African BusinessTrade

Unlocking AfCFTA potential to boost agric industrialisation


By Kenneth Ashiagbor

The African Continental Free Trade Area (AfCFTA) offers tremendous opportunity for unlocking business potential across the continent and the world

Historically, Africa’s foreign direct investment (FDI), as well as its regional and global value-chain participation, has been consistently low, hampered by barriers to trade and competitiveness.

The AfCFTA removes many of these barriers and unlocks opportunities for Africa to join regional and global value chains and integrate with international businesses.

Specifically, the AfCFTA private-sector engagement strategy, through multi-stakeholder consultations, has identified four key sectors that have high potential for local and global business: automotive; agriculture and agro-processing; pharmaceuticals; and transport and logistics.

All of these sectors add value in different ways, including through job creation, inclusivity, contribution to GDP and potential for local value addition.

Benefits of AfCFTA

The adoption of the AfCFTA will accelerate intra-African trade and develop regional and local value chains, creating new business dynamics that offer investors access to a population of 1.7 billion people with combined business and consumer spending reaching $6.7 billion by 2030.

To better understand the opportunities available, four high-potential sectors were initially selected by the AfCFTA to analyse in its private-sector engagement strategy as sectors representing opportunities for companies looking to invest in Africa: automotive; agriculture and agro-processing; pharmaceuticals; and transport and logistics.

These four sectors are expected to see rapid acceleration in production and trade volumes under the AfCFTA, given that they have a high potential to meet local demand with local production.

Agricultural industrialisation

Agro-processing has important implications for economic growth, food security, job creation and poverty reduction.

While African countries have accelerated their focus on agro-processing as a result of food insecurity caused by trade disruptions from global shocks, it will also be important as a way to transform economies from the current export of raw materials, which has much less benefit for a country’s economy.

As much as 80 per cent of food production on the continent is from smallholder farmers with historically low yields.

Agriculture and agro-processing have high potential for economic growth, employment and inclusivity, and could spur an increase in intra- African trade.

Currently, the continent imports about $50 billion of agricultural products per year but, by 2030, intra-African agricultural trade is projected to increase by 574 per cent if import tariffs are eliminated compared to a scenario without the AfCFTA.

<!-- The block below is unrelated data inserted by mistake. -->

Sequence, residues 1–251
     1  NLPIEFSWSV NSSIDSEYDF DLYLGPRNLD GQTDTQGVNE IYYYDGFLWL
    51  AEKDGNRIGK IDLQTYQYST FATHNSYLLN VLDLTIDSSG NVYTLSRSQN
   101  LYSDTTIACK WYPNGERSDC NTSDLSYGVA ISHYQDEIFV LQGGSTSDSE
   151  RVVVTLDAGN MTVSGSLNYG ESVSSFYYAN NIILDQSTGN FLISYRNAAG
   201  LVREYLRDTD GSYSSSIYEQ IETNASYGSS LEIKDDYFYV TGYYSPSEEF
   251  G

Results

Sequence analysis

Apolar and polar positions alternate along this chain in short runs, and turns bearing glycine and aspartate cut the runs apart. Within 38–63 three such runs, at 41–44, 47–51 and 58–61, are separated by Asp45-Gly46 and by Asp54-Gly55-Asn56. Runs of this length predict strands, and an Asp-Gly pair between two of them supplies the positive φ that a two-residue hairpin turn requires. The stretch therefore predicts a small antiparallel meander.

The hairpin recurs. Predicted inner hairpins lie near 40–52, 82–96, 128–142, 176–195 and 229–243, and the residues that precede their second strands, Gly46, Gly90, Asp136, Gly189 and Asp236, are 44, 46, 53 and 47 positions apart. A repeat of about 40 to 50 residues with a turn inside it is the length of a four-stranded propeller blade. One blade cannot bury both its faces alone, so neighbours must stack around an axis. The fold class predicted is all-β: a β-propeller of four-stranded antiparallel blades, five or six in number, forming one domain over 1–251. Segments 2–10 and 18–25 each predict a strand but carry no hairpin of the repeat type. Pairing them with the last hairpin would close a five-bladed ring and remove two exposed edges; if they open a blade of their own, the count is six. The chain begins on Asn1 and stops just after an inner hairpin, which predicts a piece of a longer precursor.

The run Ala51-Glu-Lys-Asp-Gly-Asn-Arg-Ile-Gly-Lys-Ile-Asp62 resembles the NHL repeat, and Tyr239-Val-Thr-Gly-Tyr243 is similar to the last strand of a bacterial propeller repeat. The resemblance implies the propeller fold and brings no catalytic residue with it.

Agro-processing is a way to add value to an already competitive agriculture sector.

Africa’s wide range of climates, high percentage of arable land and counter-seasonality to the northern hemisphere all contribute to the competitiveness of the sector.

Agro-processing specifically has unique strengths for investors and African countries alike. It is described as the most important sub-sector of manufacturing because of the greater stability of world prices for processed agricultural products compared to raw products.

It is also significant for its effect on the generation of new companies, its diversification of rural economies and its creation of new job opportunities.

Scaling agro-processing has important inclusivity effects as well, given that women make up 70 per cent of employment in the overall agricultural sector and the majority of the domestic agro-processing workforce is female.

The common market can use regional differences in the strengths and competitiveness of African countries in food value chains.

Increased intra-African trade through the AfCFTA will help reduce dependency on foreign agricultural inputs with positive effects for continental food resilience.

Each region has natural advantages that, if better coordinated to benefit African partners, can help create full regional value chains.

For example, South Africa’s integrated value chain, from inputs, equipment, packaging and specialised logistics to marketing and retail, is an example for other African countries, and showcases the great potential for investment in this sector in conjunction with the AfCFTA.

There is also a great opportunity for new businesses to meet the input and infrastructure needs of the agriculture sector.


Some major barriers to scaling agro-processing include the need for more local production of inputs.

For example, a major barrier to scaling fish production is the high costs and high dependency on foreign trade for fish feed.

Regional hubs can help increase intra-African trade of fish feed and allow for scaling up within what is now a highly fragmented market made up of small producers.

For agriculture more broadly, there is also a significant need for inputs and infrastructure to sustain higher levels of exports.


Participation in bilateral and multilateral free trade agreements such as the AfCFTA, standards regimes and related frameworks can help firms better mitigate their operating costs, barriers to market entry, compliance with non-harmonised standards and regulations across borders.

It will also enable them to grow their industries more effectively in support of local and regional economic development and transformation.

The writer is the Registrar, Chartered Institute of Agriculture Ghana

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